Blackwell: Labeling Tea Partiers as racist reflects decades-old liberal strategy

Alex Pappas Political Reporter
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A prominent black Republican said attempts to label Tea Partiers as racists reflects a decades-long strategy by liberals to play the race card to discredit opponents.

“It is a strategy that has been used for the last 50 years by the left to create an image that they can exploit and that they can use to marginalize a movement they dislike,” said Kenneth Blackwell, former Ohio secretary of state and candidate for RNC chairman.

Blackwell, who ran unsuccessfully for governor in Ohio in 2006 and since has been involved in Tea Party events in his state, said “a concerted effort is being made to demonize and marginalize and destroy an expanding citizen-based movement.”

Since last weekend — when protesters stormed Capitol Hill as legislators passed President Obama’s health-care overhaul — Tea Partiers have been accused both by Democrats and the media of racism after rumors circulated that protesters had hurled racial epithets and spat on black congressmen. A number of Tea Party leaders have been doubtful that the incidents actually occurred and have said they would not support it if it had.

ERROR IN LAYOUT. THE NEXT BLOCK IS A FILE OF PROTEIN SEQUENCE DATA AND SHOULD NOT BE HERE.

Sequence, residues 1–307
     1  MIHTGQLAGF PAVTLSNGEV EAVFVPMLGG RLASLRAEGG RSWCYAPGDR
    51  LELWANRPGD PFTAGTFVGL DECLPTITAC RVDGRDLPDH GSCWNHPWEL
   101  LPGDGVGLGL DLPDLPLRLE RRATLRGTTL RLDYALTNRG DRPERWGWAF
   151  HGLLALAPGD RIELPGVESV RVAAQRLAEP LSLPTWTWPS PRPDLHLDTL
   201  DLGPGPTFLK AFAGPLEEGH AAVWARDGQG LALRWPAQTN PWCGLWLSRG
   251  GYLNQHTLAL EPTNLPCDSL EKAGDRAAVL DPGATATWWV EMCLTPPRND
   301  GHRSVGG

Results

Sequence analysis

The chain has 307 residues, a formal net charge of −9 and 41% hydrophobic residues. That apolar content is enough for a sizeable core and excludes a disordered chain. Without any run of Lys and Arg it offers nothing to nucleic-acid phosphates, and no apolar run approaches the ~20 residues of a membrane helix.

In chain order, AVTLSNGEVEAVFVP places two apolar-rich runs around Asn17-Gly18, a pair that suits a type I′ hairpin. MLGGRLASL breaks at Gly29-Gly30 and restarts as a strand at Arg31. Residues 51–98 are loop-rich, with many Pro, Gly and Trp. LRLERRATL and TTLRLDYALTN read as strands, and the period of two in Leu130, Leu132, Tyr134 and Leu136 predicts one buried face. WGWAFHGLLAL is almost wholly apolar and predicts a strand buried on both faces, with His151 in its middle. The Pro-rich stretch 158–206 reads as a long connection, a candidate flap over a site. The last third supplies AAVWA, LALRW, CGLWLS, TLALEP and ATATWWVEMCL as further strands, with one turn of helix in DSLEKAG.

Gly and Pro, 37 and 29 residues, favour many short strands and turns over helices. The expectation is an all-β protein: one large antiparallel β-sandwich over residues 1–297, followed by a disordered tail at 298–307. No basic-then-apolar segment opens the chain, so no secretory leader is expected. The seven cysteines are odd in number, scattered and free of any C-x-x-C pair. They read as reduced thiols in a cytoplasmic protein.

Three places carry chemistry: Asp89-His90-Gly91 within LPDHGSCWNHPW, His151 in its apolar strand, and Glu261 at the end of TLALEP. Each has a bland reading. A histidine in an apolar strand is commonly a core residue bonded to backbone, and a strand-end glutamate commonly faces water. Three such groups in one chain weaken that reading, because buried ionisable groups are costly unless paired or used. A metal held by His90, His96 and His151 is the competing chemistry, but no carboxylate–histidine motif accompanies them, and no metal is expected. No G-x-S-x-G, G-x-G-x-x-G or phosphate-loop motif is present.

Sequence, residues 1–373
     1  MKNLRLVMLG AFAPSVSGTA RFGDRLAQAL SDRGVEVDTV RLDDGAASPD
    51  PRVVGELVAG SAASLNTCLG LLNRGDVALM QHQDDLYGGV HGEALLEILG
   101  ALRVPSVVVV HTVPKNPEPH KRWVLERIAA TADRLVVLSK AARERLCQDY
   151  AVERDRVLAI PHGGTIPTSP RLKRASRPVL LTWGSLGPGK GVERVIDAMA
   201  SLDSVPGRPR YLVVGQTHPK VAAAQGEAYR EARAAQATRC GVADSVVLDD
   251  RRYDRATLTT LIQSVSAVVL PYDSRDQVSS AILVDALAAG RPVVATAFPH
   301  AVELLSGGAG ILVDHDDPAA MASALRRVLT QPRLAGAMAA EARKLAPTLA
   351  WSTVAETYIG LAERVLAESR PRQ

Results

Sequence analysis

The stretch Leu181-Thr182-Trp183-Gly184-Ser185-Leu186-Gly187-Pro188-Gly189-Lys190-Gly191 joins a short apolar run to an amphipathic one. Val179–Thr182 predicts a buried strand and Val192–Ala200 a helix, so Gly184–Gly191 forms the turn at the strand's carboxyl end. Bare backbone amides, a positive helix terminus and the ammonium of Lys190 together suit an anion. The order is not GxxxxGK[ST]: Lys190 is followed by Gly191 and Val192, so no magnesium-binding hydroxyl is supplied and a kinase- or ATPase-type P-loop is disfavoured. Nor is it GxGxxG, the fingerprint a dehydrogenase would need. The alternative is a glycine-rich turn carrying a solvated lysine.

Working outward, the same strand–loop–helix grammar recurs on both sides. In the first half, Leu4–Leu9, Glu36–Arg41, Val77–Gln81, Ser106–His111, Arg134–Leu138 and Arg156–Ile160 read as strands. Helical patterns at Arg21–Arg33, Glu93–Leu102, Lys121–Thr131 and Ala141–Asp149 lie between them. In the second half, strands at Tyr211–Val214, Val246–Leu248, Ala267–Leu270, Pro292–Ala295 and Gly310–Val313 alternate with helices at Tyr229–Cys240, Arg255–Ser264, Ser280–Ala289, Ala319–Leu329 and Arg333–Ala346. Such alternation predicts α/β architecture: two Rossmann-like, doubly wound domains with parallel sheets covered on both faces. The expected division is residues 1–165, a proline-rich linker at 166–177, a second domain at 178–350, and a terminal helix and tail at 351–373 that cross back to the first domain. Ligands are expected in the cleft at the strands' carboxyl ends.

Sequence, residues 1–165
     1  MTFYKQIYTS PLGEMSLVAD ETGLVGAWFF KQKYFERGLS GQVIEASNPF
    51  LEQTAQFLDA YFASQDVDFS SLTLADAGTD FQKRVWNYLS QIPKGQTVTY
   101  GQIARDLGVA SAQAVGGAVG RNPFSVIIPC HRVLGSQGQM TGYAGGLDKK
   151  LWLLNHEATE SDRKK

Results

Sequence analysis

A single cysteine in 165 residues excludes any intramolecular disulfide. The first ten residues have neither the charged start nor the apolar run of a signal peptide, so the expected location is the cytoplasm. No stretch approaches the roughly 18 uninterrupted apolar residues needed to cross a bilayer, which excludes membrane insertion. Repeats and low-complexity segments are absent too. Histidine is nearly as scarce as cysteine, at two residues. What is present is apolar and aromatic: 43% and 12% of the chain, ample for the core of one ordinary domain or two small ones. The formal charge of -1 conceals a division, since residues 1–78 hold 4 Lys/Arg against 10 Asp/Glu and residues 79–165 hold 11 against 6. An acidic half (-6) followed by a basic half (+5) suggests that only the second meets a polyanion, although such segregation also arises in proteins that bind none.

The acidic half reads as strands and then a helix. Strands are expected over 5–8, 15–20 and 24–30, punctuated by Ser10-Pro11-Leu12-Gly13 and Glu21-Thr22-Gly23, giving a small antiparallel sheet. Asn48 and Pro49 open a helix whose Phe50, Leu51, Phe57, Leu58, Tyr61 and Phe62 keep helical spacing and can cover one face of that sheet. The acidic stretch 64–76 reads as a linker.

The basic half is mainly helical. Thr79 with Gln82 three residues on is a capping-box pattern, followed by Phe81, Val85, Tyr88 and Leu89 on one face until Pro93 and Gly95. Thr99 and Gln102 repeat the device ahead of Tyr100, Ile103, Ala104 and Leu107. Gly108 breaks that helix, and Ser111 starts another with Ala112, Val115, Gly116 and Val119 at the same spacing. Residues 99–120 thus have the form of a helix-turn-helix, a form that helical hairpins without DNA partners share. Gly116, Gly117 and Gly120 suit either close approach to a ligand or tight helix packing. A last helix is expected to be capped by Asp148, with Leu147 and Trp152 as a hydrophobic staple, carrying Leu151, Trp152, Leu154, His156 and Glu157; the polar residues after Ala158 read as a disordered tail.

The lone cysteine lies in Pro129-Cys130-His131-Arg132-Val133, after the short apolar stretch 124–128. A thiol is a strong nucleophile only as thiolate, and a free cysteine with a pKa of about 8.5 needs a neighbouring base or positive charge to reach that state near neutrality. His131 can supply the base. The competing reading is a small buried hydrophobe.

Asked about media coverage of the accusations, Blackwell said the press has “been selective in their criticism” and that “they turn a blind eye to individual acts of poor taste and bigotry on the left.”

Blackwell added that “if the alleged statements were made by individuals on the right, there’s no cause to paint a citizens based movement with a broad brush.”

Asked what could be done to bring in more black people to the movement, he dismissed the idea of specifically working to target more of a specific ethnic group, saying “there are no racial quotas in the Tea Party movement” and that “this is a real spontaneous citizen based reaction.”

Blackwell also dismissed the notion that the Tea Party is solely a white party. “There are plenty of Latino, African-Americans and Asians who are distrustful of big government and who love individual liberty and they speak out both within the Tea Party movement and outside of it.”

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